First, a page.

Yuzvendra Chahal not intimidated by England’s tall ODI scores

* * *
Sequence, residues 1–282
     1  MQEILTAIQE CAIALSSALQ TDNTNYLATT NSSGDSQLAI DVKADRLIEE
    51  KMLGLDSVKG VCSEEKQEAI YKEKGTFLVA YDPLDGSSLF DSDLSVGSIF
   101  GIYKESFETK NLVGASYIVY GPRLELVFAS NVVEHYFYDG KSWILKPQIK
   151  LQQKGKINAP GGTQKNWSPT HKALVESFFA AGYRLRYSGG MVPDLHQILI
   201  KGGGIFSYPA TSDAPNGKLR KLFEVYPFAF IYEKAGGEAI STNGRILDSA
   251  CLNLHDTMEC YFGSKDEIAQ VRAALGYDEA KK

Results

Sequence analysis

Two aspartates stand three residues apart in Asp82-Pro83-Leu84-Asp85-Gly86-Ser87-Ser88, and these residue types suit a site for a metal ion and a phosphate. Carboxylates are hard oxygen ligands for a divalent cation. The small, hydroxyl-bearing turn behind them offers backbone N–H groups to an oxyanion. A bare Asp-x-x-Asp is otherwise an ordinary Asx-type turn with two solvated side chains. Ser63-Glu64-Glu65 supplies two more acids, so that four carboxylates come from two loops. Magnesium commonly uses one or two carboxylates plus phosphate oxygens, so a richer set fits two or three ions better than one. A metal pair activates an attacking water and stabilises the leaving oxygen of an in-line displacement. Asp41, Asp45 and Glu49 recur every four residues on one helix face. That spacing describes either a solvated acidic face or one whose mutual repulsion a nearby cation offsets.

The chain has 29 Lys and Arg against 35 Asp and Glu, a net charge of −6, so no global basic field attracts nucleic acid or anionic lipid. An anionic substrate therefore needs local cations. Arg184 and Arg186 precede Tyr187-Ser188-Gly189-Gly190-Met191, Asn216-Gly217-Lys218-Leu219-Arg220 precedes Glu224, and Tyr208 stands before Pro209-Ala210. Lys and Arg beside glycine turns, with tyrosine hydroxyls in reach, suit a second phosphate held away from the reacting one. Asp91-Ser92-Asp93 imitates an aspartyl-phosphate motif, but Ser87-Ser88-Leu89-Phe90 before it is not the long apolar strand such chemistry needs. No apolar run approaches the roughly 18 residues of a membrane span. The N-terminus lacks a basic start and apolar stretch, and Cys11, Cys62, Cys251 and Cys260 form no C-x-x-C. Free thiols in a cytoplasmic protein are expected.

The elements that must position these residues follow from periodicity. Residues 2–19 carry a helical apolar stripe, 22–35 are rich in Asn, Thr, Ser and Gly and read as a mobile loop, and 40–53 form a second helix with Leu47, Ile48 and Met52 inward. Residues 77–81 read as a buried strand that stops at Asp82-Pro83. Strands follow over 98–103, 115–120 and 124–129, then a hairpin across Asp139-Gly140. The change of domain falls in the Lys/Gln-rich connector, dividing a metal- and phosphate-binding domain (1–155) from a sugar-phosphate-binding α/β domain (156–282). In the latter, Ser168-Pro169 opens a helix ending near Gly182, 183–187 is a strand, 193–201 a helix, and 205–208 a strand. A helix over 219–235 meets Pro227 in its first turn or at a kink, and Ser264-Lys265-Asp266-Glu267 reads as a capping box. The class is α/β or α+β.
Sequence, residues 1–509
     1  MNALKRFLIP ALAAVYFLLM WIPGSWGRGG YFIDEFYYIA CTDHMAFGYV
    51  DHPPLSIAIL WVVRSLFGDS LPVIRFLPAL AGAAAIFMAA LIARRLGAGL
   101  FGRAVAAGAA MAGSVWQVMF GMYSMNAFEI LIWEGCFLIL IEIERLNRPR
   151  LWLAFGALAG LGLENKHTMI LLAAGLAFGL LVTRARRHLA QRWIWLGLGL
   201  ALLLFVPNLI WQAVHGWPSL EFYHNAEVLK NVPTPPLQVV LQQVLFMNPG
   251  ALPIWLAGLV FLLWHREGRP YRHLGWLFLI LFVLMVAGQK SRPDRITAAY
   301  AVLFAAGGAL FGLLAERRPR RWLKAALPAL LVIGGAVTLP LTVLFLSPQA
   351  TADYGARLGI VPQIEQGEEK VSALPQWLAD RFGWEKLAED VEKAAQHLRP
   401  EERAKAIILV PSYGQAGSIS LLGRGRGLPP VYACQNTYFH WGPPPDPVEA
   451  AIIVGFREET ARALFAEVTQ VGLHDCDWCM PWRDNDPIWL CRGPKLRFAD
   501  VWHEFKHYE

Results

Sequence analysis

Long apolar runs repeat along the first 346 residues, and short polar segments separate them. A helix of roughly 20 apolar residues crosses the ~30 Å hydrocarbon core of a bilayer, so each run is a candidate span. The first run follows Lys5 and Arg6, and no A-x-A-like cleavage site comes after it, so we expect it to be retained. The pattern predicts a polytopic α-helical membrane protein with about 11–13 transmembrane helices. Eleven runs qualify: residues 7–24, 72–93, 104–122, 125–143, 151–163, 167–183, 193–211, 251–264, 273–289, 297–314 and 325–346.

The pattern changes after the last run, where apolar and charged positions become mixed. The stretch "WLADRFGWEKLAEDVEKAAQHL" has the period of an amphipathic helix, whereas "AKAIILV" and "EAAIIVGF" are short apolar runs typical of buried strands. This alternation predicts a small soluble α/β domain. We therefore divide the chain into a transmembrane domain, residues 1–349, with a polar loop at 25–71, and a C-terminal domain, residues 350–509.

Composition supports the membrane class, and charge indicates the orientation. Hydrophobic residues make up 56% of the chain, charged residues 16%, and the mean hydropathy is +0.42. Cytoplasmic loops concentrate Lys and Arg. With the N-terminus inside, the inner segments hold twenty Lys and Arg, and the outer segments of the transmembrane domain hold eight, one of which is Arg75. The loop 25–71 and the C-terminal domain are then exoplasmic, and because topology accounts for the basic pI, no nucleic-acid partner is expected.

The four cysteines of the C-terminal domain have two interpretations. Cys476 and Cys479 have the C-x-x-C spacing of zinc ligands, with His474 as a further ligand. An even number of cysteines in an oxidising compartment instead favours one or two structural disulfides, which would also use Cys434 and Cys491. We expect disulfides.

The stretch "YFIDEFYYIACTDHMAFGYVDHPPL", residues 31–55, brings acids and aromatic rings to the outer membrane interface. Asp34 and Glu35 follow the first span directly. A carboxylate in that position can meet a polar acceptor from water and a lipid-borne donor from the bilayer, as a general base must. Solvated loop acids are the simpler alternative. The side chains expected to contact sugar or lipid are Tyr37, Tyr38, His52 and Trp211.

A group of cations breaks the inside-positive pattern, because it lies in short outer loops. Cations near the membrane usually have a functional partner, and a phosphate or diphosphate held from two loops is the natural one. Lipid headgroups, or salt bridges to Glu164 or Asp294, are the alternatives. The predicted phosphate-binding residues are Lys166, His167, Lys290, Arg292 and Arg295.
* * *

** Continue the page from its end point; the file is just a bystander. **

first_imgEngland might be on fire in the ODI format, what with their record-battering 481 and a 5-0 hammering of Australia but Yuzvendra Chahal, the young Indian leg-spinner is not worried about his prospects against Eoin Morgan’s men later in the summer.Last week, England blasted 481 and a few days later chased down a score in excess of 300 without breaking a sweat. Former cricketers around the world expressed concern over the health of one-day cricket.Batsmen, it seems, have the upper hand in shorter formats cricket in England, as indeed in other parts of the world. Two years ago, England had set a world record against Sri Lanka when they blasted 444. It took them less than 24 months to overhaul their own record.Virat Kohli and Co. reach Dublin for T20I series vs IrelandBut Chahal, one of the world’s leading leg-spinners, is not going to let these stats stand in the way of his dreams in England.India are now in Ireland for a short two-match T20I series before returning to England for three T20Is, three ODIs and five Tests. Ask Chahal what he makes of England’s massive ODI scores in recent times and he has a ready answer: “England scored those runs against Australia, not against us. The pitches are going to be a little different. England’s spinners took the majority of the wickets and we have that advantage as well,” he said.Ireland’s Punjab-born Simi Singh says facing India will be specialIndia are no strangers in English conditions. Last year, they had reached the final of the Champions Trophy but they also saw what flat tracks could do as Sri Lanka gunned down a 300+ total against them.advertisementAfter the Champions Trophy, India invested heavily in wrist-spinners. Chahal and left-arm chinaman Kuldeep Yadav became a regular part of India’s bowling arsenal and the two were at their best in South Africa, snaring 35 wickets between them in India’s 5-1 triumph in the ODI series.Chahal reckoned leg-spinners in general are hard to pick because of their variations. India have two and that could make matters tricky for batsmen as players around the world gear up for the World Cup next year. More importantly, the likes of Jason Roy, Alex Hales and Jos Buttler would be wary of India’s spin twin.”We have more variations (compared to other spinners). With left-arm spinners, you will find only the straighter ones and the normal left-arm spin.”With leg-spinners, we have four variations – the top-spin, googlies, leg-spinner, the flipper and the batsmen keep thinking what the next ball would be. If you don’t read us off our hands, it is good for us,” he said.Chahal hoped to do what he and Kuldeep do best in the middle-overs: take wickets. They did that successfully in South Africa and they hope to repeat it in Ireland and England.”Kuldeep and my job is to take wickets in the middle-overs. If you want to apply pressure on the other teams – you have to take wickets,” he said.The sensational tour of South Africa notwithstanding, Chahal is looking forward and wants to live in the moment: “The South African series is in the past. We are in Ireland now. I am very excited because this is my first tour here.”last_img

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